The 2010 iPod touch introduces a number of new features for Apple's popular media player. In addition to a slight slimming of the case, the new iPod touch features Apple's retina display, front and rear facing cameras with FaceTime, a new 3-axis gyroscope, and Apple's A4 chip. With the introduction of iOS 4.2, the new touch includes Apple's Game Center app, which allows you to play games online with your friends, further enhancing the iPod touch as a solid portable gaming platform.
The retina display is the most striking new feature of the iPod touch. With 960x640 resolution at 326 pixels per inch, images on the sreen are smooth and bright. No pixelation is evident. The display is large enough to make most tasks easy to the eye, with the exception of web browsing. Although mitigated by zooming in, web pages look pretty small to this editor, especially after spending time with the iPad, but the touch still offers the best browsing experience of any handheld media device.
Video recording is HD capable (720p), while the rear-mounted camera can take still photos at 960x720 resolution. Videos are surprisingly good, with good image and sound quality. View a short, 30 second, clip from the 2010 iPod touch:
Still photos don't fare as well. With only limited resolution and no flash, the pictures I took on a cloudy, dreary day look like something from a mid-1990s budget digital camera. Images were not very sharp, nor did colors seem very balanced (not that there was much color to start with on this drab day):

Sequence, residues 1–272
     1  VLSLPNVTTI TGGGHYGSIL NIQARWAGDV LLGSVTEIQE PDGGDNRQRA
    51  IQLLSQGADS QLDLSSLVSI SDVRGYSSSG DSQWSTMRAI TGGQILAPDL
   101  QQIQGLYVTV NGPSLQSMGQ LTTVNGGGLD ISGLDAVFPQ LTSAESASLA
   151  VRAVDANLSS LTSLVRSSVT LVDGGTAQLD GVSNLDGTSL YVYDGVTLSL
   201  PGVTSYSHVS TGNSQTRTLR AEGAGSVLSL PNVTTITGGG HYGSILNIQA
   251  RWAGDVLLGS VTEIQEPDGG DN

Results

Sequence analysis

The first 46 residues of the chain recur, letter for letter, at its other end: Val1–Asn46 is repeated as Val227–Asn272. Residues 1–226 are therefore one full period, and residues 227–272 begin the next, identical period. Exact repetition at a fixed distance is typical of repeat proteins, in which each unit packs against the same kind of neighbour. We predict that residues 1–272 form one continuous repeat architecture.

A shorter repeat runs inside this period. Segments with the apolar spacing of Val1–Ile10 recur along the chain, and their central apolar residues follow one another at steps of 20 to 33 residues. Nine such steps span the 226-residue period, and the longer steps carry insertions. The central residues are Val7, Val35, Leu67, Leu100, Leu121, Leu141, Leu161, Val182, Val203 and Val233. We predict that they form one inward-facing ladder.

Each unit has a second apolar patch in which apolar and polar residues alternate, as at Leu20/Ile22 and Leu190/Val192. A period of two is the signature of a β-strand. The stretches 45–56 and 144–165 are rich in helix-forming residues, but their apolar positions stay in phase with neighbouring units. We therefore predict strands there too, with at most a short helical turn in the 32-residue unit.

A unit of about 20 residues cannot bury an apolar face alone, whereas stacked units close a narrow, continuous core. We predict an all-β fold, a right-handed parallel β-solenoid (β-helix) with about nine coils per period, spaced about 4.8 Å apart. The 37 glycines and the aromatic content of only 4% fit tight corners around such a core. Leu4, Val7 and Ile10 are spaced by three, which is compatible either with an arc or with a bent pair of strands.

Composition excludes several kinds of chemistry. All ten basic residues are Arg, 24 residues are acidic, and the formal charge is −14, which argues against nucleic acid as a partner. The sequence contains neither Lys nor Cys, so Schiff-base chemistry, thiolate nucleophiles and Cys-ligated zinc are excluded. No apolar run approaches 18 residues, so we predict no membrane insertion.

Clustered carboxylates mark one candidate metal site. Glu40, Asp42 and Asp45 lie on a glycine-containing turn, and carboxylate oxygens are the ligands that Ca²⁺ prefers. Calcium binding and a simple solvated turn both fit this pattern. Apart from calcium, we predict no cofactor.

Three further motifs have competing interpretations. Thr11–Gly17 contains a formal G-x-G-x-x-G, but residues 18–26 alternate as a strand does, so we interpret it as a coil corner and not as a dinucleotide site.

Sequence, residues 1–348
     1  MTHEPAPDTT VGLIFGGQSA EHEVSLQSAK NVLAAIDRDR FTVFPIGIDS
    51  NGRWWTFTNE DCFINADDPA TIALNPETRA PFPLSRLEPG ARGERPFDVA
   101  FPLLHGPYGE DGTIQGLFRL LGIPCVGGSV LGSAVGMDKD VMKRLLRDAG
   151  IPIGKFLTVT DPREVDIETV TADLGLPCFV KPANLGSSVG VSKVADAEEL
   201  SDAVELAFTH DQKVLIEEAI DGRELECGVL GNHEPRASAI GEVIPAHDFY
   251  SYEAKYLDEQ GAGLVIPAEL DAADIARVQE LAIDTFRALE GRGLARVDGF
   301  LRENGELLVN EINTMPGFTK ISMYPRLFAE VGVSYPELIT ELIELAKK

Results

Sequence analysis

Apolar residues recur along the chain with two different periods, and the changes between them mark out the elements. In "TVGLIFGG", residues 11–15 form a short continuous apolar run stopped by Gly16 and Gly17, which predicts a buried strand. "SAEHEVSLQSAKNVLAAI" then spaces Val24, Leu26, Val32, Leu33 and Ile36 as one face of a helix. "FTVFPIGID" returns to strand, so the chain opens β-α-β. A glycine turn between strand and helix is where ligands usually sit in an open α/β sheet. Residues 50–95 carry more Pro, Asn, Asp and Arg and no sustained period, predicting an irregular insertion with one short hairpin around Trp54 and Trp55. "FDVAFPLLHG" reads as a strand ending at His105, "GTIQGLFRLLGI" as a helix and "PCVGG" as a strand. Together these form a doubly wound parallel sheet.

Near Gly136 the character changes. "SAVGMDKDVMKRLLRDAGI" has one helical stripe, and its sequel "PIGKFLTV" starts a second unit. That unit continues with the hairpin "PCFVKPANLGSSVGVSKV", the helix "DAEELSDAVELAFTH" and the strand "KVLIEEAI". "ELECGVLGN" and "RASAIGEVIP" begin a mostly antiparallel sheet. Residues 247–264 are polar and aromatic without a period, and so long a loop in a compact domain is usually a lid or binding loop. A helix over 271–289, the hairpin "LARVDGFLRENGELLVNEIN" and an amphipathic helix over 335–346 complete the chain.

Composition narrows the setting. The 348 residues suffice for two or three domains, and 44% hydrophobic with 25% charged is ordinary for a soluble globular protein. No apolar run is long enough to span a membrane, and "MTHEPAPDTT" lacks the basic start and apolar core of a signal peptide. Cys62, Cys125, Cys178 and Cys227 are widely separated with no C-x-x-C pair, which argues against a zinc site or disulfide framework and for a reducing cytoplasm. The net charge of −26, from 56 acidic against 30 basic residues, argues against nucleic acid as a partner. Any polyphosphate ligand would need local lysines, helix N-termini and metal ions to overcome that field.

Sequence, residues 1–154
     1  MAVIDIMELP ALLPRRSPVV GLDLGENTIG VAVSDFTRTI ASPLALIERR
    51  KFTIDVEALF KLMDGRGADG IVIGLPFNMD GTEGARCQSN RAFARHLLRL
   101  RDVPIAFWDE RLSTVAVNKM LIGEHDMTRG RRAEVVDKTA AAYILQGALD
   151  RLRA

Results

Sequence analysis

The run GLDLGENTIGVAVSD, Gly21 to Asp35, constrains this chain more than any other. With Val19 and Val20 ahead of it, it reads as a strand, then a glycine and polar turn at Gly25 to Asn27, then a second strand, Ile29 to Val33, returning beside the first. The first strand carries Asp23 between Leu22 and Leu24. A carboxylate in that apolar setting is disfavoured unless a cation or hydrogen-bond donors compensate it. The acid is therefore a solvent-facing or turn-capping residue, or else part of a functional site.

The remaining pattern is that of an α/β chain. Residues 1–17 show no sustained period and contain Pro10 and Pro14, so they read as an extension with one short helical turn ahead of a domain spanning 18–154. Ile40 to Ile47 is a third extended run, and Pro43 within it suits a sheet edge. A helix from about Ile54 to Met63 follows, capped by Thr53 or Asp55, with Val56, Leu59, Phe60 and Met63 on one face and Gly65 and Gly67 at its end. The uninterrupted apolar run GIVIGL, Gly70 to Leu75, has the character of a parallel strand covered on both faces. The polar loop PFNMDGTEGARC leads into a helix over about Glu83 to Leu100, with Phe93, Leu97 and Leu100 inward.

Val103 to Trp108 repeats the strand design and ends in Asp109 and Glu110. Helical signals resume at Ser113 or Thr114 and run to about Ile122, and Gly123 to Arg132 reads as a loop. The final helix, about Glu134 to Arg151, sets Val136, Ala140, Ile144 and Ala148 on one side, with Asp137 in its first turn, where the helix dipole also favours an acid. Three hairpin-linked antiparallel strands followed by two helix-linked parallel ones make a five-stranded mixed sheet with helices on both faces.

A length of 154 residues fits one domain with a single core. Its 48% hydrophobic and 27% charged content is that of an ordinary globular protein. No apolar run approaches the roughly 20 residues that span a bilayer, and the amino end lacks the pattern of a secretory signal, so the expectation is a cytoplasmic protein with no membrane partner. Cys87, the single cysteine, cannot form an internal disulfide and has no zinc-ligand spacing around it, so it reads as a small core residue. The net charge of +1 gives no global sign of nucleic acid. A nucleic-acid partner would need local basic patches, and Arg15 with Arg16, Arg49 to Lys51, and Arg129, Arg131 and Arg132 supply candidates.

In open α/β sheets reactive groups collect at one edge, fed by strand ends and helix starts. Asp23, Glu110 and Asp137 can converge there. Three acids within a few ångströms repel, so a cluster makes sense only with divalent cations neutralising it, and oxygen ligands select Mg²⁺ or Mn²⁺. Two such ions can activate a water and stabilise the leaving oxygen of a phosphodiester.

To compare the quality of the photos from the touch with a digital camera, I took a semi-closeup picture using the touch and then using an older 3.34MP Nikon CoolPix 990. The cameras were about 18 inches away from the nano box at the time of each picture:
As you can see, the CoolPix handily trounced the touch. Moral of the story is do not expect the iPod touch to replace your digital camera, or even the camera on the iPhone 4.
However, with the exception of the still camera, the 2010 iPod touch piles excellence on top of excellence, making an exceptional media player even more desireable. Apple offers the base 8GB iPod touch for $229, the 32GB model for $299, and the 64GB touch for $399. Which one should you get? Media takes up space, so if you intend to load thouands of pictures or lots of video, then go with the 32GB or 64GB models. The same is true for apps - some will take up lots of space, so if you intend of downloading and using hundreds of apps, then you'll want lots of space.
We give the 2010 iPod touch 4.5 out of 5 stars. Beef up the still camera, Apple, and it would be a 5 star device.
View a short video walk-through of the iPod touch:
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